Oops! Google glitch highlights users' dependence

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It was a programmer's nightmare that might hound Google for some time.

After a single forward slash caused worldwide trouble for the world's most popular search engine on Saturday, analysts started wondering aloud whether Google's rabid users may seriously consider some search alternatives.

"This is a little embarrassing. It's hard to believe that there are no fail-safe systems in place," said John Byrne, a senior analyst with Technology Business Research. "I think it makes everybody step back a little bit and look at the bigger picture. Maybe users and companies are looking around and saying let's find a second source. With companies like ours, that rely everyday on the Internet to do our business, almost all of us are relying on Google for a significant part of the work we do."

For about an hour on Saturday morning, every Google search - for absolutely anything - received the message "this site may harm your computer." Google said it traced the mistake to simple human error.

In a blog post, Marissa Mayer, vice president of Search Products and User Experience at Google, said that a forward slash mark was inadvertently added when Google updated its list of Web sites that are known to surreptitiously install malware on users' machines. The forward slash expanded the list of bad Web sites to include all URLs.

"Again, our apologies to any of you who were inconvenienced this morning, and to site owners whose pages were incorrectly labeled," wrote Mayer. "We will carefully investigate this incident and put more robust file checks in place to prevent it from happening again."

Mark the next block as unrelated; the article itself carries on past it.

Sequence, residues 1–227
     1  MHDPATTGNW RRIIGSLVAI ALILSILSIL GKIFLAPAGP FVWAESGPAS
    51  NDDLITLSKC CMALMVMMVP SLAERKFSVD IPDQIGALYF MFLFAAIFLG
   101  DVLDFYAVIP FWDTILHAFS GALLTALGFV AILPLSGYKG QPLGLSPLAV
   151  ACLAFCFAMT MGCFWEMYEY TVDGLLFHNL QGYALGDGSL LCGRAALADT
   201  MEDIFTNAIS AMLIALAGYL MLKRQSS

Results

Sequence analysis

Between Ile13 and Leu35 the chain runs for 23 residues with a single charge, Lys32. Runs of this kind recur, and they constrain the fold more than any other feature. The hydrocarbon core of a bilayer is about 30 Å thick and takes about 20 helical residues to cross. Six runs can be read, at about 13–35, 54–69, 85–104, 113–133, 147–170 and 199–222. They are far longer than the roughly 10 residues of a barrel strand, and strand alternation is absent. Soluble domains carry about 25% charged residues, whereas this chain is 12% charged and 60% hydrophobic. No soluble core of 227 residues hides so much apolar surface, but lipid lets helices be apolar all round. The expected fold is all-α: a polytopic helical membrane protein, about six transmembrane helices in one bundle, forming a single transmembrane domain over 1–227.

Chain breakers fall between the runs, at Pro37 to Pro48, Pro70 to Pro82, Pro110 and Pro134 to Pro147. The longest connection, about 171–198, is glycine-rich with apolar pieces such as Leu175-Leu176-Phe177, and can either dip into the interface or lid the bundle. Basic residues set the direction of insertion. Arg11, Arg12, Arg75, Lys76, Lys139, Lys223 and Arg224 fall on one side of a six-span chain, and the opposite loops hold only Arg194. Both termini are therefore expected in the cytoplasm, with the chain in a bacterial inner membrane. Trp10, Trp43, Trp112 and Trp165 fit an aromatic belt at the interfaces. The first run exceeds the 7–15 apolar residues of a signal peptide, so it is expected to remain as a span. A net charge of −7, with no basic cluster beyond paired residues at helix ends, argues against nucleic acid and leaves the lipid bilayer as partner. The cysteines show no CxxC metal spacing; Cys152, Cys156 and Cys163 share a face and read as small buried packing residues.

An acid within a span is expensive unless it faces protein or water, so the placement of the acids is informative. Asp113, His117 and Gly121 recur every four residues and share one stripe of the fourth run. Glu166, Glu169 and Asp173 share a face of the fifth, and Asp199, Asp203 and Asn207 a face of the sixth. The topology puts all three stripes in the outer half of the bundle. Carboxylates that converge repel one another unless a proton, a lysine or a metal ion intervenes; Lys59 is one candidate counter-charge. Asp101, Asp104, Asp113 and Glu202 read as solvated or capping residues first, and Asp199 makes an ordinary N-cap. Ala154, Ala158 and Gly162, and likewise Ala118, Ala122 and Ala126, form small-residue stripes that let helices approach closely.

Caroline Dangson, an analyst with IDC, noted that a one-hour glitch on Google garners hundreds of headlines because of the company's tremendous market share and impact.

"The frenzy over a one-hour human error shows how dependent we are on Google," she added. "IDC survey data shows that searching is the number one online activity for U.S. consumers and consumers convey the most trust and affinity for Google above all other online Internet brands. However, Google has become so popular and powerful that it cannot afford too many of these "human errors." Consumers have a choice. "

Dan Olds , principal analyst with the Gabriel Consulting Group, said Saturday's problem reminded users that they do have a choice - and that's great news for search competitors like Microsoft and struggling Yahoo .

"For a lot of people, Google is their Internet," Olds added. "It was a misstep for Google, but there were other search engines out there that were functioning fine. I ended up using Yahoo and Microsoft search for the first time in a long time and was fine. That's where the wake-up call comes in. This isn't a critical problem for Google, but it shows the benefit we get from having choices on the Web."

This story, "Oops! Google glitch highlights users' dependence" was originally published by Computerworld.

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